3 Stars form inside relatively dense concentrations of interstellar gas and dust known as molecular clouds. These regions are extremely cold (temperature about 10 to 20K, just above absolute zero). At these temperatures, gases become molecular meaning that atoms bind together. CO and H2 are the most common molecules in interstellar gas clouds. The deep cold also causes the gas to clump to high densities. When the density reaches a certain point, stars form.Since the regions are dense, they are opaque to visible light and are known as dark nebula. Since they don't shine by optical light, we must use IR and radio telescopes to investigate them.
4 19.4 Observations of Cloud Fragments and Protostars Emission nebulae are heated by the formation of stars nearby. In these images, we see the parent cloud in stage 1, contracting fragments between stages 1 and 2, and a new star in stage 6 or 7. The new star is the one heating the nebula.Figure Star Formation Phases (a) The M20 region shows observational evidence for three broad phases in the birth of a star. The parent cloud is stage 1 of Table The region labeled “contracting fragment” likely lies between stages 1 and 2. Finally, the emission nebula (M20 itself) results from the formation of one or more massive stars (stages 6 and 7). (b) A closeup (including Hubble inlays) of the area near region B outlines (in drawn ovals) especially dense knots of dusty matter. (c) A Spitzer Telescope infrared image of the same scene reveals those cores thought to be stellar embryos (arrows). (AURA; NASA)
5 The evolution of young stars is from a cluster of protostars deep in a molecular clouds core, to a cluster of T-Tauri stars whose hot surface and stellar winds heat the surrounding gas to form an HII region (HII, pronounced H-two, means ionized hydrogen). Later the cluster breaks out, the gas is blown away, and the stars evolve as shown below.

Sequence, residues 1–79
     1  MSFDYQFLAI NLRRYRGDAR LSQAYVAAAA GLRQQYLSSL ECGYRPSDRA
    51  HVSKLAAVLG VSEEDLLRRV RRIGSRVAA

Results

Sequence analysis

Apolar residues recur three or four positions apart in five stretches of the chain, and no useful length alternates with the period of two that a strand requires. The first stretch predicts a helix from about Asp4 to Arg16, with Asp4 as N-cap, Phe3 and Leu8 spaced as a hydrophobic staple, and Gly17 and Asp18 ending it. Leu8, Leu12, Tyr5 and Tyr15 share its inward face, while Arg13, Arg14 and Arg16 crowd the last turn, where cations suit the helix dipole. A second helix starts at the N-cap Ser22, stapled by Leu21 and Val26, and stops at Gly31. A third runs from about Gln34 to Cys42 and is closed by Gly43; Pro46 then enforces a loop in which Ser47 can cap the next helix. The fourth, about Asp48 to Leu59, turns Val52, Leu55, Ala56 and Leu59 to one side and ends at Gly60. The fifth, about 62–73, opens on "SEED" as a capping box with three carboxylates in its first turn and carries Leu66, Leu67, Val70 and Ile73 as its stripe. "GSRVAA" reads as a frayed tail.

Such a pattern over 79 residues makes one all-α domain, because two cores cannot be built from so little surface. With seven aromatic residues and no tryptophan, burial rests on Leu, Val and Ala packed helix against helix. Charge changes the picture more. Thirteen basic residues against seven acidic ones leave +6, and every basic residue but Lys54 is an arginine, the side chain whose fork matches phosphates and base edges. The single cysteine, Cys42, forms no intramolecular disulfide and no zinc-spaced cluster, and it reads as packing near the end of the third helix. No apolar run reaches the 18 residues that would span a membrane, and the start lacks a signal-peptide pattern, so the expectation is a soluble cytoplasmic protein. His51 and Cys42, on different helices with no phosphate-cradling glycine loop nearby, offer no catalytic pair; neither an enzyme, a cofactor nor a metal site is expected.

6 19.4 Observations of Cloud Fragments and Protostars The Orion Nebula has many contracting cloud fragments, protostars, and newborn starsFigure Orion Nebula, Up Close (a) The constellation Orion, with the region around its famous emission nebula marked by a rectangle. The Orion Nebula is the middle “star” of Orion’s sword (see Figure 1.8). (b) Enlargement of the framed region in part (a), suggesting how the nebula is partly surrounded by a vast molecular cloud. Various parts of this cloud are probably fragmenting and contracting, with even smaller sites forming protostars. The three frames at the right show some of the evidence for those protostars: (c) false-color radio image of some intensely emitting molecular sites, (d) nearly real-color visible image of embedded nebular “knots” thought to harbor protostars, and (e) high-resolution image of one of many young stars surrounded by disks of gas and dust where planets might ultimately form. (Astrostock-Sanford; SST; CfA; NASA)
7 Protostars:Once a clump has broken free from the other parts of the cloud core, it has its own unique gravity and identity and we call it a protostar. As the protostar forms, loose gas falls into its center. The infalling gas releases kinetic energy in the form of heat and the temperature and pressure in the center of the protostar goes up. Several candidate protostars have been found by the Hubble Space Telescope in the Orion Nebula.